gender revolution

Pidgeon Pagonis is changing the national conversation about intersexuality


Name: Pidgeon Pagonis (they/them)

Who they are: Intersex American activist, writer, and artist

How they have contributed: Pagonis is on the forefront of the conversation about intersexuality and the opposition to nonconsensual intersex medical intervention. Soon after discovering they were intersex, Pagonis began advocating and educating others on intersex identity and the issues facing those in the community through their YouTube videos and documentary, A Normal Girl.

Pagonis has been honored by the Obama White House as a Champion of Change in 2015, and more recently was featured on the cover of National Geographic‘s “Gender Revolution” special issue.

Why we’re proud: With the growing awareness and acceptance of the true spectrum of gender, the conversation around intersex individuals has grown as well.

Being intersex defines someone’s sex, not their gender, though the vast majority of people still don’t know the difference. Sex is determined by your physical anatomy and sex chromosomes; gender is how you identify, experience and define yourself based on what you understand your gender to be. Intersex people are born with any of several variations in sex characteristics including chromosomes, gonads, sex hormones, or genitals that do not fit the typical definitions for male or female bodies.

This is where Pidgeon Pagonis steps in. Pagonis has spent the past few years spreading the word on what it means to be intersex. They run a YouTube account where they share their own story and help to dispel many common misconceptions that exist about intersexuality.


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They also advocate against doctors performing surgeries on intersex babies and minors for conditions that are not life-threatening because often the families and the children involved are not aware of what the procedures actually are for. Pagonis’s own experience with nonconsensual medical intervention is the focus of their new documentary, A Normal Girl.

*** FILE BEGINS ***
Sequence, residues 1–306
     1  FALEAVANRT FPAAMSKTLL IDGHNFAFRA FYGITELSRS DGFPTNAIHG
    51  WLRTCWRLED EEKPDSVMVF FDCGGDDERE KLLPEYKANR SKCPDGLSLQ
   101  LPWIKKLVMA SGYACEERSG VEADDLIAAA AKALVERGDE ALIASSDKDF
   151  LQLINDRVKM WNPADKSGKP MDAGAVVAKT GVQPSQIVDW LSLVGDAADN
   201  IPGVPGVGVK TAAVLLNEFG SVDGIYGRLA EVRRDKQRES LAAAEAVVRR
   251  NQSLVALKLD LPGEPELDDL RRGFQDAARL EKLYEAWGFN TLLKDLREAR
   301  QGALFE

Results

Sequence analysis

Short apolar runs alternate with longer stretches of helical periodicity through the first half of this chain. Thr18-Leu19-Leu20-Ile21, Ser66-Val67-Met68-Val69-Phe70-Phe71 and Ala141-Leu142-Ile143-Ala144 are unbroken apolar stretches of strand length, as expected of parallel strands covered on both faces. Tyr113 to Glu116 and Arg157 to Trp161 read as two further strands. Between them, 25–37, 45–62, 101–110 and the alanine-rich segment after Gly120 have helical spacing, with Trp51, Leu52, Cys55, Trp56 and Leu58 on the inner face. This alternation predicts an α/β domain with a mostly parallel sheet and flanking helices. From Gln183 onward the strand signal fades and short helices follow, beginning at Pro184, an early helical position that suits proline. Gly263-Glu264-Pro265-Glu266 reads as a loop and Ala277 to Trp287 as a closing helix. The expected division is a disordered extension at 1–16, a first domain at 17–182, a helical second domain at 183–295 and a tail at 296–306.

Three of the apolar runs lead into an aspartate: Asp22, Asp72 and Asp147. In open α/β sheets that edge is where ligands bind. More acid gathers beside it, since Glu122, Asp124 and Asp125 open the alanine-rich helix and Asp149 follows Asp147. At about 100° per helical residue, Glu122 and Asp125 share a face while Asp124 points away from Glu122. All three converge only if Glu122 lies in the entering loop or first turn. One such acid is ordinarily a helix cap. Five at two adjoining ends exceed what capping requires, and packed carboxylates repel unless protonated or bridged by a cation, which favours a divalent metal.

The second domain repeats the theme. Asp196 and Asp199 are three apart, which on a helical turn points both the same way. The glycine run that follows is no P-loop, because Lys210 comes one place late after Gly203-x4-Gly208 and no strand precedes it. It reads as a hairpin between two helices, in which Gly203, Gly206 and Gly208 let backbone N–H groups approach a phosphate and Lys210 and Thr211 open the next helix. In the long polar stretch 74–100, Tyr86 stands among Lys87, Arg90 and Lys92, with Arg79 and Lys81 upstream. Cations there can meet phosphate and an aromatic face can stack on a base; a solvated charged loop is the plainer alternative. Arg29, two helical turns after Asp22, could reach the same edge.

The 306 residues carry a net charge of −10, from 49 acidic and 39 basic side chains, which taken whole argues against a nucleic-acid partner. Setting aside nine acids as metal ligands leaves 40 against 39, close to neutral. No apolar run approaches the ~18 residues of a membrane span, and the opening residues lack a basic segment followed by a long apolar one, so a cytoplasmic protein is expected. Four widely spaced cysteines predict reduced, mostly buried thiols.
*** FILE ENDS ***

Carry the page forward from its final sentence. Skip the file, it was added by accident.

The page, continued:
Speaking more about this violation in a piece written for Everyday Feminism, Pagonis writes:

In 1991, when I was four years old, you wrote in my medical records that I “underwent a clitoral resection and recession without difficulty.”

The procedure was supposed to reduce, not completely remove, my clitoris – so I foolishly held on to hope that a remnant existed, and I would find and learn how to enjoy it. That day has yet to come.

After National Geographic‘s “Gender Revolution” special issue was released with intersex defined as a disorder, Pagonis, who is pictured on the cover with other gender and LGBTQ advocates, spoke out: “Please let National Geographic know that intersex people do not have “*disorders* of sex development”, but instead are people with sex traits that don’t fall neatly into binary definitions of either male or female,” they wrote on Facebook about the issue. National Geographic eventually apologized and corrected the definition in the online issue.

Their willingness to engage so publicly and with such eloquence makes us proud to stand with them.


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